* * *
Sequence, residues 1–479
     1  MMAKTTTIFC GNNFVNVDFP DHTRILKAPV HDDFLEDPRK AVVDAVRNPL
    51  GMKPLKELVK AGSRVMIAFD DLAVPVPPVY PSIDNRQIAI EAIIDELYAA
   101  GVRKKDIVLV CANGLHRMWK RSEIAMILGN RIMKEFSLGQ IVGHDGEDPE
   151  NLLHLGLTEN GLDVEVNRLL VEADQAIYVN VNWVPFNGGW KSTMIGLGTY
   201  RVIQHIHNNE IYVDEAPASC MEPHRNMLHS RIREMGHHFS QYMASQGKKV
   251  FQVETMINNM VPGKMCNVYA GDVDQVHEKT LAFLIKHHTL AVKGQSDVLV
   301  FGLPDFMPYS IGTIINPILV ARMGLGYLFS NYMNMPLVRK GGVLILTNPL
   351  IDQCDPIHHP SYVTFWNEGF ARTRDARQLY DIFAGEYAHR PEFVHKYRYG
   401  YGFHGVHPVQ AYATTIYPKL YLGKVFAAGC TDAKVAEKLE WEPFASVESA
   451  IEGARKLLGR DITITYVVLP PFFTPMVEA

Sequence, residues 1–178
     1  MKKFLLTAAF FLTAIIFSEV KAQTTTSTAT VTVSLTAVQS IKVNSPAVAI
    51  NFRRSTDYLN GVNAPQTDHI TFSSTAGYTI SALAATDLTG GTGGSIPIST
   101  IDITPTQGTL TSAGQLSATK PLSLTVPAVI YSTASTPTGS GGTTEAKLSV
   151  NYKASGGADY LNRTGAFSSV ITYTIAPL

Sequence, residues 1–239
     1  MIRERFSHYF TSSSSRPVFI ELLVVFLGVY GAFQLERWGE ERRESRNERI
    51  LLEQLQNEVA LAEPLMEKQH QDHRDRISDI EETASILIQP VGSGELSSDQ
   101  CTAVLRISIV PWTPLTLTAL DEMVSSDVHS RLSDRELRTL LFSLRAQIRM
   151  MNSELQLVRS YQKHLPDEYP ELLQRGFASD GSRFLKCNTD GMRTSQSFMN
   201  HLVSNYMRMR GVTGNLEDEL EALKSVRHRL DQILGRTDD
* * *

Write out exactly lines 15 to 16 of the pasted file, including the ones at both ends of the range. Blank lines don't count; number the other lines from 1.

   101  IDITPTQGTL TSAGQLSATK PLSLTVPAVI YSTASTPTGS GGTTEAKLSV
   151  NYKASGGADY LNRTGAFSSV ITYTIAPL